Sunday, 08 March 2009 06:52

The ups and downs of cloud storage as HP's Upline goes offline

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Hewlett-Packard will be shutting down its online backup service at the end of this month, after less than one year in operation.

HP got into the subscription-based online backup service market after acquiring start-up Opelin in November 2007.

Opelin’s Titanize cloud-based file backup service became the basis for HP’s offering, titled Upline, which launched in April 2008.

Home and professional users paid fees between $USD 4.99 to $USD 8.99 per month for unlimited online storage. HP provided client software that uploaded and synchronised files with the hosted service.

Upline faced difficulty from the beginning with an entire week of downtime just three weeks in. At the time, users began dubbing Upline a good idea that was horribly executed.

The decision to close this month has not been explained by HP with the generic response being “HP continually evaluates product lines and has decided to discontinue the HP Upline service on March 31, 2009.”

Upline stopped accepting new files from February 26th, with the restore facility only being operational now until March 31st, 2009. Users have until that date to recover any data they need. As of April 1st Upline will be no more.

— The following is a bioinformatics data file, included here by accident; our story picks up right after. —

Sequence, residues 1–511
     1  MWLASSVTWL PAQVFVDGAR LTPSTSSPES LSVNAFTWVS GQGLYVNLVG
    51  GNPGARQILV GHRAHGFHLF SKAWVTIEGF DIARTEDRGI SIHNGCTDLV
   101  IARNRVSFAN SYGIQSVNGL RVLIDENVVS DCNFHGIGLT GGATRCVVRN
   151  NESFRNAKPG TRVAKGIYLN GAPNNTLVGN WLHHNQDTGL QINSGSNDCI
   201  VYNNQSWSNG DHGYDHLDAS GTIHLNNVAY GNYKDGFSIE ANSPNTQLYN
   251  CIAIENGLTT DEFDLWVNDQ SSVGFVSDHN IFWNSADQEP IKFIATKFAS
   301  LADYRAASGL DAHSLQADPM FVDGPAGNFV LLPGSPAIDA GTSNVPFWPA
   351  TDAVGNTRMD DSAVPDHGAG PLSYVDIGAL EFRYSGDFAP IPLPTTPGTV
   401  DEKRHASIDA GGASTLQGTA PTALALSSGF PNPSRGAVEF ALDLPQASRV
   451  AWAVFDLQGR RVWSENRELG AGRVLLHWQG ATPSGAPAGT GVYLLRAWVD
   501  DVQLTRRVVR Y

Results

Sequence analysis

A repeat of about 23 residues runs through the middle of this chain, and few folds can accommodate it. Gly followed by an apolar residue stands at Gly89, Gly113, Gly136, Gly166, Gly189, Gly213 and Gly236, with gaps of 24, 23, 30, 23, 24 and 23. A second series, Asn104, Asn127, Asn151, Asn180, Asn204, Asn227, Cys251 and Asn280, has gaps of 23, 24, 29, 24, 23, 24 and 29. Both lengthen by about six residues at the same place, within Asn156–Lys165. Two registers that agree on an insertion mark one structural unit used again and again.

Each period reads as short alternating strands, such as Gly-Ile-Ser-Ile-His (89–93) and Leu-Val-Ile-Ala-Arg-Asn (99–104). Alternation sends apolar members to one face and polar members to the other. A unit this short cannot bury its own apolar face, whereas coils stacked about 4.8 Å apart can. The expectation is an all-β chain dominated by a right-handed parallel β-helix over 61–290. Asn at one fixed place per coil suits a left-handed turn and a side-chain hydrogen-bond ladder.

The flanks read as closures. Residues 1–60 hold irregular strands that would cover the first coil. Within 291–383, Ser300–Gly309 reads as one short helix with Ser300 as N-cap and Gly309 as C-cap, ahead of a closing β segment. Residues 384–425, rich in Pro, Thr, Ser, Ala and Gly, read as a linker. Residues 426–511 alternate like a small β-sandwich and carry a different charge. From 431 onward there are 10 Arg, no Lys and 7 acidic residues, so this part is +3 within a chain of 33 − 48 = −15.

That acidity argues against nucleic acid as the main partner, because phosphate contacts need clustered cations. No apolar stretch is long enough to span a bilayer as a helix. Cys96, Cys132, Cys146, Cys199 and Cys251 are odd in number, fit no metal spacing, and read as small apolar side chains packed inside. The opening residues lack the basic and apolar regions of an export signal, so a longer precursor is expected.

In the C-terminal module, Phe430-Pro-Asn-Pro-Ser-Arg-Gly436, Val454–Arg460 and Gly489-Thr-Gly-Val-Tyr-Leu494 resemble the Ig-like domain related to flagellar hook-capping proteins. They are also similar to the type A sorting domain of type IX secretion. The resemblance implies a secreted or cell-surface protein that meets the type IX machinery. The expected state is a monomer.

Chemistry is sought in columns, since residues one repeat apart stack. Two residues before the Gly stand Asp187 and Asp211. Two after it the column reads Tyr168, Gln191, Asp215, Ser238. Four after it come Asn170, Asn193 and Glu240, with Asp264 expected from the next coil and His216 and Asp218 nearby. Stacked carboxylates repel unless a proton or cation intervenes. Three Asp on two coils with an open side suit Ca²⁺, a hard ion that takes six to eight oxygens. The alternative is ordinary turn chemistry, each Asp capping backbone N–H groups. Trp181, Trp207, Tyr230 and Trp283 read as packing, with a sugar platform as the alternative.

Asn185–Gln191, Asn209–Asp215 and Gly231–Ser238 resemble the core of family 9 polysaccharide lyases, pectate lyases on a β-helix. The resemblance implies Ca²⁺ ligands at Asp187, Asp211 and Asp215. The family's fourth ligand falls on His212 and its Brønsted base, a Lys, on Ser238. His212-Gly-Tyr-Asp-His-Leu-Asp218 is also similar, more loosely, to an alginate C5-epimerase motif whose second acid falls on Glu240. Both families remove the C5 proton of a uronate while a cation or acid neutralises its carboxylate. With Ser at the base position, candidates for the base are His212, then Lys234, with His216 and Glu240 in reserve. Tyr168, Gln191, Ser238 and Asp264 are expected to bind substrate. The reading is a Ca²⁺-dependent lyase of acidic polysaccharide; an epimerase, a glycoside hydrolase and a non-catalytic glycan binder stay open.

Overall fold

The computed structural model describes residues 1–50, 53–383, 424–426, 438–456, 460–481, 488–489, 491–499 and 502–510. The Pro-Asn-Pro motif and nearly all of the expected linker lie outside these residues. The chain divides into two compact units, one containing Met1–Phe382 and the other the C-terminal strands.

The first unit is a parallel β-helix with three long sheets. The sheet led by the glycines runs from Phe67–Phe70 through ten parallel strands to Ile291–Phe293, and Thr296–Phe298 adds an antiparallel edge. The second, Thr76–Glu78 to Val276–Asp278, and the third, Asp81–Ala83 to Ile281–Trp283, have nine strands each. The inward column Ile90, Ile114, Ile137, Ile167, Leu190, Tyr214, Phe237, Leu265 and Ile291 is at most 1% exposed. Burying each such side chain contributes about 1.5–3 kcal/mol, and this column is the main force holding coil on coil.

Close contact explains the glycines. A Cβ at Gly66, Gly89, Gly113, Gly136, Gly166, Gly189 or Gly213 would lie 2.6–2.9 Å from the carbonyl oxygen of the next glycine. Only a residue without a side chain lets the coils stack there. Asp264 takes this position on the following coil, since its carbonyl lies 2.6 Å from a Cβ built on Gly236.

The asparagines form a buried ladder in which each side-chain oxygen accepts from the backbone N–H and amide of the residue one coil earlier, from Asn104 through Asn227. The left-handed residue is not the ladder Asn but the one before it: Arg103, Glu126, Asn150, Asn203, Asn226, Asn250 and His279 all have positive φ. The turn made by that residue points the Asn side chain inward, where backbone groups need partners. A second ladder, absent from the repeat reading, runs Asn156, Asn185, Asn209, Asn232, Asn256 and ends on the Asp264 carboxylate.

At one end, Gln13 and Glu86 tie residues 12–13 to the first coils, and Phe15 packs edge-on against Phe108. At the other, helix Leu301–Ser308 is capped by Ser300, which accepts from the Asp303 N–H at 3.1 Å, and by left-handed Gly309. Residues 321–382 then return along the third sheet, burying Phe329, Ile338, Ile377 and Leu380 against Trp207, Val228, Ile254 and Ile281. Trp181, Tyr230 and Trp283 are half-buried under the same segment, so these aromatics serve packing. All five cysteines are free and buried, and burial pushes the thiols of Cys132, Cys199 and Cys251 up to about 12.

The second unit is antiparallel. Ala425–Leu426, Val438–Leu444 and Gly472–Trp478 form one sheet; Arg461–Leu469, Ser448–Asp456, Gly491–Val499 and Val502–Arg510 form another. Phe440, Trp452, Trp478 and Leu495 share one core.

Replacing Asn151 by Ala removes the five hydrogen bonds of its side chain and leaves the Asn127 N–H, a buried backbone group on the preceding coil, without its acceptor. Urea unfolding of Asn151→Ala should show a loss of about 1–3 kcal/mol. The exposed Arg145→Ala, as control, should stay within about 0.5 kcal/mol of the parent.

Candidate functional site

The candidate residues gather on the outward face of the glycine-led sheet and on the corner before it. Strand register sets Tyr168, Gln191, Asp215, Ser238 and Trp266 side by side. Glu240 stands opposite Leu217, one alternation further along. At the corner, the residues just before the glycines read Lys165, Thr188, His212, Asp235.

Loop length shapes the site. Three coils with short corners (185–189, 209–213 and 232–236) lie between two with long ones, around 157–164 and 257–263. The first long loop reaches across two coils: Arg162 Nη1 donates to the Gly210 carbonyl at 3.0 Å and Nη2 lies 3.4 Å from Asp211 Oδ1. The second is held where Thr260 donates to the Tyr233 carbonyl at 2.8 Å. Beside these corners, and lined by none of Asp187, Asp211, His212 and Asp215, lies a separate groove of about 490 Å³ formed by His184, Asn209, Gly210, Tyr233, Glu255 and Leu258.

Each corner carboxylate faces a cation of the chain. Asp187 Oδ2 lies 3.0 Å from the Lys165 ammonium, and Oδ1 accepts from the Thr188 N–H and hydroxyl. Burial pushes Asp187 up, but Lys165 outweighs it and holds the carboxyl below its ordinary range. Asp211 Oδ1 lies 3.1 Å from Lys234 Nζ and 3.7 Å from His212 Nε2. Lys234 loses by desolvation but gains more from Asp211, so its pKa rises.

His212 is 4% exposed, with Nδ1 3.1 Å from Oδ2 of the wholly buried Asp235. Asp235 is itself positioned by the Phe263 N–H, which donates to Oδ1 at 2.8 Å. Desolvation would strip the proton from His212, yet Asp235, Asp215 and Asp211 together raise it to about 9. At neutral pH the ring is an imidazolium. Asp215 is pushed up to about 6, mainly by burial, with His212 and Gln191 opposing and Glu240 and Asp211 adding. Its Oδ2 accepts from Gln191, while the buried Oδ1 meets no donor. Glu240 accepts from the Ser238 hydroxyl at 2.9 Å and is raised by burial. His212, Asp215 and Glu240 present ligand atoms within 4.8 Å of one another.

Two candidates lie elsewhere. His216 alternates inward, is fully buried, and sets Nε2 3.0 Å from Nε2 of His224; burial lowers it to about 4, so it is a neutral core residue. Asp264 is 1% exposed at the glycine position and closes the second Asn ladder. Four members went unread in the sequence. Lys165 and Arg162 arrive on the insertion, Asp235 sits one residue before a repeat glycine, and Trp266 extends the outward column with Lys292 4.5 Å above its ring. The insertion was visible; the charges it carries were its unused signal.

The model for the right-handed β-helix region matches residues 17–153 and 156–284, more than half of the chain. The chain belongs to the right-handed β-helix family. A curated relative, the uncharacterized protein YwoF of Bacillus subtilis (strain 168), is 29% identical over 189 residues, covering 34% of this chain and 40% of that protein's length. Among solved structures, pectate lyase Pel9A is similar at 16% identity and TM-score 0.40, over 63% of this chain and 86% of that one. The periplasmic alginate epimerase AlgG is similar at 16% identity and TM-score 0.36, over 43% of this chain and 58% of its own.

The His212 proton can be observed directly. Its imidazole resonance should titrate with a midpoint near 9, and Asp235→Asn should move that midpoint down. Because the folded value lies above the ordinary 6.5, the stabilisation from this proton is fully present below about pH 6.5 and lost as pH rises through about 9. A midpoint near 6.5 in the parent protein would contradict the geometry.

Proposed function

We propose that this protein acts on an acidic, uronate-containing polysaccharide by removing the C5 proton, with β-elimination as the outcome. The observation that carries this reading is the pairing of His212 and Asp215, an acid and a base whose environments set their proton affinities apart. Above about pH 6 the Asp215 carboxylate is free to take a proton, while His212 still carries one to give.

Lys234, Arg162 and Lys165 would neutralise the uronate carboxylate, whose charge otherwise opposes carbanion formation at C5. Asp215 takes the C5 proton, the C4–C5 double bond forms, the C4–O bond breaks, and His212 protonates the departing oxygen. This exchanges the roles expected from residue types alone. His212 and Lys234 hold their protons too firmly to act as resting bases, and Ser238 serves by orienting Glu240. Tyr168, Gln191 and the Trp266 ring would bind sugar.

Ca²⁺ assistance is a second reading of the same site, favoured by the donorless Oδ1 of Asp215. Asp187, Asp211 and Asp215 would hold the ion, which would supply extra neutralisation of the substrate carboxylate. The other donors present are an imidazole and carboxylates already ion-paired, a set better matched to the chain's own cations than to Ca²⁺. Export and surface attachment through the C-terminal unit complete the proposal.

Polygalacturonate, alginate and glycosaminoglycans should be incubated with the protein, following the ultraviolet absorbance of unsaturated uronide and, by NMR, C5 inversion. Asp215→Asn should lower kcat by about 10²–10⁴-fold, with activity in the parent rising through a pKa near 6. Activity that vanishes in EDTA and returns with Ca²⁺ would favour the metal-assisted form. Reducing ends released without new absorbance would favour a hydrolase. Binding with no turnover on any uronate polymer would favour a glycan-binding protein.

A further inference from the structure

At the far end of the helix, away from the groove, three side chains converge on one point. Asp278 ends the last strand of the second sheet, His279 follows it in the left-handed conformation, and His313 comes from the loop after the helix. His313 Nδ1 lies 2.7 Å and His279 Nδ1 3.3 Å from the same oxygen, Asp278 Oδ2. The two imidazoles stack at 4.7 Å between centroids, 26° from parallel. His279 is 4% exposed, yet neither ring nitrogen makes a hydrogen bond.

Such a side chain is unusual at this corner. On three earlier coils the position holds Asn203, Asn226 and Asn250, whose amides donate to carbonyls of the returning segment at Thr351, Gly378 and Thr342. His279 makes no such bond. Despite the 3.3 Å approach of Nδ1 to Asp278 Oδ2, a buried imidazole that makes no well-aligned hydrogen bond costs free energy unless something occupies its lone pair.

Upline wasn’t unique, with competing services being available from EMC and other organisations. Symantec have announced their own offering to come, titled SwapDrive while Microsoft are working on Live Mesh.

Not all is well for the competition with Yahoo! also announcing the closure of their 10 year old Yahoo! Briefcase service this month too, albeit a day earlier on March 30.

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David M Williams

David has been computing since 1984 where he instantly gravitated to the family Commodore 64. He completed a Bachelor of Computer Science degree from 1990 to 1992, commencing full-time employment as a systems analyst at the end of that year. David subsequently worked as a UNIX Systems Manager, Asia-Pacific technical specialist for an international software company, Business Analyst, IT Manager, and other roles. David has been the Chief Information Officer for national public companies since 2007, delivering IT knowledge and business acumen, seeking to transform the industries within which he works. David is also involved in the user group community, the Australian Computer Society technical advisory boards, and education.

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